In sum, the conditions in the great majority of cells in Blocks I-II and the transit cells continue to be very poor indeed. ...
Finally, despite the drastic reduction in overcrowding, the rate of occupancy of cells is still very high, not to say intolerable.
83. Except in the Lipcani Re-education Colony for Minors, where the efforts made in this respect are to be highlighted, the quantity and quality of detainees' food everywhere is a source of grave concern. The delegation was inundated with complaints regarding the absence of meat and dairy products. The findings of the delegation, regarding both the stocks of food and the menus, confirm the credibility of these complaints. Its findings also confirmed that in certain places (in Prison no. 3, ...), the food served was repulsive and virtually inedible (for instance, insects and vermin were present). This is not surprising given the general state of the kitchens and their modest equipment.
The Moldovan authorities have always claimed financial difficulties in ensuring the adequate feeding of detainees. However, the Committee insists that this is a fundamental requirement of life which must be ensured by the State to persons in its charge and that nothing can exonerate it from such responsibility. ...”
3. European Prison Rules
48. Recommendation Rec(2006)2 of the Committee of Ministers to member states on the European Prison Rules (adopted by the Committee of Ministers on 11 January 2006 at the 952nd meeting of the Ministers' Deputies), insofar as relevant, reads as follows:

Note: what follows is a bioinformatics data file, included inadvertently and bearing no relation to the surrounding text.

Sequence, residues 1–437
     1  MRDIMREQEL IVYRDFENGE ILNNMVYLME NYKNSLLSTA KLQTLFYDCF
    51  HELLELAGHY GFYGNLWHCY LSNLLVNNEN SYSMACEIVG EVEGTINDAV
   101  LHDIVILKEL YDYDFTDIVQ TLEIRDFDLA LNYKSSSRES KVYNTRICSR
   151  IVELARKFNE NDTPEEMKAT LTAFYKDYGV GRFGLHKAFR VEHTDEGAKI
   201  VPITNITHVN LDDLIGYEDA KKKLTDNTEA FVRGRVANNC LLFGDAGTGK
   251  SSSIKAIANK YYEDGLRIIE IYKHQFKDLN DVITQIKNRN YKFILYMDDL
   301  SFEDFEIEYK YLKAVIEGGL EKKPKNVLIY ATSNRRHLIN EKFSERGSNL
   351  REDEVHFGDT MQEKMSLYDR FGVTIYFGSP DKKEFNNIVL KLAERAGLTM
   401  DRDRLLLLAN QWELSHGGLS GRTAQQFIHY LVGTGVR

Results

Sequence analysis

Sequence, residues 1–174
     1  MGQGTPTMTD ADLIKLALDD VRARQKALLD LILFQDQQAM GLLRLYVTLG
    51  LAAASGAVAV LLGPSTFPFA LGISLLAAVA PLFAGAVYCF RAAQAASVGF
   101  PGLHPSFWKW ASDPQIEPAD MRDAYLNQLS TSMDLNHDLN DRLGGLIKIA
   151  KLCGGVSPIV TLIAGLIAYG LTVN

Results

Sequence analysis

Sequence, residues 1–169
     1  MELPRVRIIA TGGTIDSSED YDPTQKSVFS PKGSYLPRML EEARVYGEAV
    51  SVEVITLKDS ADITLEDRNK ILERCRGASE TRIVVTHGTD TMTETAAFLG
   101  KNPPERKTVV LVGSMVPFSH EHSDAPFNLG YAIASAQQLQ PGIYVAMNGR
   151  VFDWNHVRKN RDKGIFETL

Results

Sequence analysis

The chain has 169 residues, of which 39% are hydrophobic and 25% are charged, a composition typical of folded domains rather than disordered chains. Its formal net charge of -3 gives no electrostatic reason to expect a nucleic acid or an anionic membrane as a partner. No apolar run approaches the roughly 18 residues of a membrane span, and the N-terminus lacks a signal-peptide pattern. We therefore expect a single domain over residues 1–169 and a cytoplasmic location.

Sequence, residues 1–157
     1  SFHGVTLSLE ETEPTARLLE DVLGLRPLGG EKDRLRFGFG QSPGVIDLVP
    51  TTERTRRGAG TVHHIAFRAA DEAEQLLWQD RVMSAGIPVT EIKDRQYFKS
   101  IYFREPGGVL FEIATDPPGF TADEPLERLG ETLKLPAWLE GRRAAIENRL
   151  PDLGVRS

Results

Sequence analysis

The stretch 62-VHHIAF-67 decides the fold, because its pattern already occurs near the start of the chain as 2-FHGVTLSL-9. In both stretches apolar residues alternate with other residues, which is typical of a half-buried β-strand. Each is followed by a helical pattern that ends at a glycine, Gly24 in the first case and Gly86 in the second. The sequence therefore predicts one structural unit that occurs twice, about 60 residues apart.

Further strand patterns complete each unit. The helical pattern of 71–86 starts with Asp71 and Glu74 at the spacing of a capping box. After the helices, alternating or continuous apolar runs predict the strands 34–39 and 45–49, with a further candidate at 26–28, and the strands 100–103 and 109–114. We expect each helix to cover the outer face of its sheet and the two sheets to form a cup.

“Contact with the outside world
24.1 Prisoners shall be allowed to communicate as often as possible by letter, telephone or other forms of communication with their families, other persons and representatives of outside organisations and to receive visits from these persons.
24.2 Communication and visits may be subject to restrictions and monitoring necessary for the requirements of continuing criminal investigations, maintenance of good order, safety and security, prevention of criminal offences and protection of victims of crime, but such restrictions, including specific restrictions ordered by a judicial authority, shall nevertheless allow an acceptable minimum level of contact.
24.3 National law shall specify national and international bodies and officials with whom communication by prisoners shall not be restricted.
24.4 The arrangements for visits shall be such as to allow prisoners to maintain and develop family relationships in as normal a manner as possible.
24.5 Prison authorities shall assist prisoners in maintaining adequate contact with the outside world and provide them with the appropriate welfare support to do so.
49. The applicant complained of violations of his right guaranteed by Article 3 of the Convention. Article 3 reads as follows:
“No one shall be subjected to torture or to inhuman or degrading treatment or punishment.”
50. He also complained about a violation of his rights guaranteed by Article 6 of the Convention as a result of the courts' refusal to examine his complaint about force-feeding due to his failure to pay court fees. The relevant part of Article 6 reads as follows:
“In the determination of his civil rights and obligations ..., everyone is entitled to a fair ... hearing ... by [a] ... tribunal...”
51. The applicant complained of violations of his rights guaranteed by Article 8 of the Convention as a result of the censorship of his correspondence and the refusal to provide him with acceptable conditions for meeting with his visitors. Article 8 reads as follows: